Some factors may be related to the occurrence of this kind of complication such as type of impaction, age, sex, presence of infection, bone lesions, the surgical technique employed and chewing solid foods after extraction (Libersa et al.; Al-Belasy et al., 2009). Impaction is a fundamental factor, because the greater the depth of impaction in relation to the neighboring second molar (Pell and Gregory Class B/C), the greater the amount of bony tissue that needs to be removed to get access to the tooth (Libersa et al.). In such cases, extensive osteotomy may weaken the mandible and make it more susceptible to fracturing (Krimmel & Reinert, 2000), mainly because the angle of the jaw is an area of decreased resistance to fracture, due to its characteristic bony anatomy and its location between the branch and the body (Ferre et al.).

Age is another important risk factor for fracture, and Libersa et al., reported that 85% of patients presenting mandibular fractures after third molar extraction were over 25, with a mean age of 40. Because the natural process of bone density increasing with age, in the older age group a greater amount of bone tissue will need to be removed, thereby weakening the mandible (Libersa et al.; Obiechina et al., 2001).

Regarding sex, there seems to have a particular importance in postoperative fractures, with the highest incidence for men, possibly due to greater masticatory force employed in male patients, emphasizing the need for soft diet during the first weeks post-surgery (Ferre et al.; Anil et al., 1998; Wagner et al., 2005). Late fractures generally occur during the act of chewing something and with a click audible to the patient, even like in this patient, however the same complication has been reported as a result of vigorous mouth rinsing (Custódio et al.; Assael; Perry & Goldgerg; Woldenberg et al., 2007). The period of greatest risk appears to be actually the second and third weeks after surgery when granulation tissue is still being substituted by connecting tissue inside the alveolus. It seems that the end of the second week the patients are feeling better, the painful symptoms is already disappearing, and they believe they can chew normally. In the clinical case being reported here, some of these observations are applicable. The patient was a 50-year-old and about three weeks later, the removal of the left third molar, she chewed a piece of bread and her mandible fractured. In patients aged around 40 with a significant degree of impaction, the risk of fracture is heightened by the fragility of the bone resulting from the difficult nature of third molar removal procedure, which calls for a sizeable osteotomy. Records of the patient case showed that extensive osteotomy was performed. Most patients that suffered this complication reported hearing a sharp crack while they were chewing and simultaneously feeling a sharp pain. These patients would benefit from guidance on the possibility of mandibular fracture, and the benefit of dietary restriction to a liquid and soft diet for 45 days after extraction. Prophylactic extraction of third molars before age 20 could reduce the risks of such fractures (Libersa et al.; Al-Belasy et al.; Kao et al., 2010).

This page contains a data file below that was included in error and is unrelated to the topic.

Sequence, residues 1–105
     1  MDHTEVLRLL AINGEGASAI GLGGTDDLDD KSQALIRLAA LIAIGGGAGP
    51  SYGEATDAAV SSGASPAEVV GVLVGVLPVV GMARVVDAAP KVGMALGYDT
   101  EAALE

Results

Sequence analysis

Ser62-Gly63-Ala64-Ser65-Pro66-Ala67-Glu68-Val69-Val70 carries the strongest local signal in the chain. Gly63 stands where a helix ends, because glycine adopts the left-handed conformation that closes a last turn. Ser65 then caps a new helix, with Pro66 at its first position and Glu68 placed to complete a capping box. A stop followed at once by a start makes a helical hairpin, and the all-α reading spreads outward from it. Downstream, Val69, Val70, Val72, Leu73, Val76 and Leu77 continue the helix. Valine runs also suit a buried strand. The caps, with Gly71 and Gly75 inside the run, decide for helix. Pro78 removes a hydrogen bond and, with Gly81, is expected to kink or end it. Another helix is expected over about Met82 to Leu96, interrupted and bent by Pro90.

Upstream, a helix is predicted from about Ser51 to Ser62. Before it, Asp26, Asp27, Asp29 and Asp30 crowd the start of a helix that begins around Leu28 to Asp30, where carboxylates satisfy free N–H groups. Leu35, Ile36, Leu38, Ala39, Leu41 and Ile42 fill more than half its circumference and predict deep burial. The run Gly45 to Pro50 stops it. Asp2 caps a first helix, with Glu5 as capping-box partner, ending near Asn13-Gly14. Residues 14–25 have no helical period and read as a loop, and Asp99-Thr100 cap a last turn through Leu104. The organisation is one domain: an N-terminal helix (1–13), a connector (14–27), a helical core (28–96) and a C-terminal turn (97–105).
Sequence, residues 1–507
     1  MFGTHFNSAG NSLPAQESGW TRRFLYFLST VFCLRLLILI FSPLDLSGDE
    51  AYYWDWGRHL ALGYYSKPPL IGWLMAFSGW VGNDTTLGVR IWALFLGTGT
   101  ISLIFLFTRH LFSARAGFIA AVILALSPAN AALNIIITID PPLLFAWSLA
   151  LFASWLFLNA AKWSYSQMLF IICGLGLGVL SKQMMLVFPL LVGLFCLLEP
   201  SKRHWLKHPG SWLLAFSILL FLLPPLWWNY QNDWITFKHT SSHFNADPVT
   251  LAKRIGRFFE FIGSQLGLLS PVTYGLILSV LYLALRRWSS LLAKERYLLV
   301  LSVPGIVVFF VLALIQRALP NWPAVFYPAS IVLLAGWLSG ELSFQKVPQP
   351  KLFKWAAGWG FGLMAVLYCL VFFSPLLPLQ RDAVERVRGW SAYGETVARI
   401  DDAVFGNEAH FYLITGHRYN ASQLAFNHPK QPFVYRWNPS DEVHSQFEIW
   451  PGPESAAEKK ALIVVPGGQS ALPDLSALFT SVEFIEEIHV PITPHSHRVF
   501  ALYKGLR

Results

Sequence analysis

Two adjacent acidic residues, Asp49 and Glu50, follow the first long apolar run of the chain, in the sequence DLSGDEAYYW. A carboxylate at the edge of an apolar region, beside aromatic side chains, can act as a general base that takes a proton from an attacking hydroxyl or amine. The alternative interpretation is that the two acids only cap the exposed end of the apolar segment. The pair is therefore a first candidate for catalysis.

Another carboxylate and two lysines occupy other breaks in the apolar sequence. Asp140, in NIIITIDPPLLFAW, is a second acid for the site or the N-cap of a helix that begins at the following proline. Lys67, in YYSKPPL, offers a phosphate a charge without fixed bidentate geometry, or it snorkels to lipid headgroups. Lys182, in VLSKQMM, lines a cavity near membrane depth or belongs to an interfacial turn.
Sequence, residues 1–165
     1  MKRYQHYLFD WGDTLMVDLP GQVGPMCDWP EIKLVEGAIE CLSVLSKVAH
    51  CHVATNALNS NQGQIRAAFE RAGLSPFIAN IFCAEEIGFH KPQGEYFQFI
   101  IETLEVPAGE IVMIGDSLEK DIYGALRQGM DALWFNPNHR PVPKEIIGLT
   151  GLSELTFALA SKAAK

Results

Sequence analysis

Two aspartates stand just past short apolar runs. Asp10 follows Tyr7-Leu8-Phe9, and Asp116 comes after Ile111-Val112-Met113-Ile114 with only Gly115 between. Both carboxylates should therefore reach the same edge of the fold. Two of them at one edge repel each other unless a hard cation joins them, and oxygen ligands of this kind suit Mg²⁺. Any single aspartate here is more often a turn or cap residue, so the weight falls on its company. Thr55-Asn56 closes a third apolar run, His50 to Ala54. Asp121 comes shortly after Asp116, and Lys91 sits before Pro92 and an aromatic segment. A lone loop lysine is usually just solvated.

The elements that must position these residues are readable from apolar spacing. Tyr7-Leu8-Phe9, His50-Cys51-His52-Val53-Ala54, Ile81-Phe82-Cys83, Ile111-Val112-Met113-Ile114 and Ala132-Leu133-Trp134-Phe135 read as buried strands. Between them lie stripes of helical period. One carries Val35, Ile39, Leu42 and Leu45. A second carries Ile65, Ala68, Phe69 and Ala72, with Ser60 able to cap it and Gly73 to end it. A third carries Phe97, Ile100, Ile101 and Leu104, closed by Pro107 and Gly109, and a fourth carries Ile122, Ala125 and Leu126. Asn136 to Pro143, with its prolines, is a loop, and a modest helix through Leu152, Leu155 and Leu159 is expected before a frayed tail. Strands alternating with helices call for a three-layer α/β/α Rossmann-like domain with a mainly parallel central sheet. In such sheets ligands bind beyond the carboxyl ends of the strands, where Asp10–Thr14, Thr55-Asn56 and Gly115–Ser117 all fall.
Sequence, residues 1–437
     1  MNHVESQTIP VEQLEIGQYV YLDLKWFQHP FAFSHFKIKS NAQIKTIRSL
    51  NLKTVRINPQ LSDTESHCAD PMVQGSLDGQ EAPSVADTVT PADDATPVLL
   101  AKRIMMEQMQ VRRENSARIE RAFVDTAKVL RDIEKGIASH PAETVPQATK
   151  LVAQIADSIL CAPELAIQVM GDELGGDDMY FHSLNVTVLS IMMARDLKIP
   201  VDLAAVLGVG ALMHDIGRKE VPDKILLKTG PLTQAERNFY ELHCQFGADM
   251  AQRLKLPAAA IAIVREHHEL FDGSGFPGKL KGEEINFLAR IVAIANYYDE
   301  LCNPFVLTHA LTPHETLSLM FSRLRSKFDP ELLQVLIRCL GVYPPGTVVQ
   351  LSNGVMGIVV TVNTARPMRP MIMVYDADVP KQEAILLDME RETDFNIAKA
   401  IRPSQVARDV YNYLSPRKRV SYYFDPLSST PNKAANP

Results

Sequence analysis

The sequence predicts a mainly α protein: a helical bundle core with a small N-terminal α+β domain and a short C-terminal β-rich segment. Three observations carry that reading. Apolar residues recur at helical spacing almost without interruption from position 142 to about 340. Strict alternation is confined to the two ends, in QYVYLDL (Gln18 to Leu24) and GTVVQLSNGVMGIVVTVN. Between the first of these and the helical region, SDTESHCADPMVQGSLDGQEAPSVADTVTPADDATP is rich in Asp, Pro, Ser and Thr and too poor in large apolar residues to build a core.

Reports of mandibular fractures subsequent to third molar extractions are rare, nevertheless, it is important to be aware of all the risk factors that favor such complications and addressing them enables the surgeon to individualize surgical procedures to ensure that they do not occur. When they do, however, the main goal of treatment must be to re-establish dental occlusion and full mandibular function, whether it be conservative or surgical treatment (Ellis & Sinn; Woldenberg et al.).



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Correspondence to:

Valdir Cabral Andrade

Department of Oral Diagnosis
Oral and Maxillofacial Surgery Division
State University of Campinas-UNICAMP
Piracicaba Dental School
Avenida Limeira 901, CP 52
Bairro Vila Areão
CEP: 13.414-903
Piracicaba, São Paulo State


Received: 05-11-2012
Accepted: 02-04-2013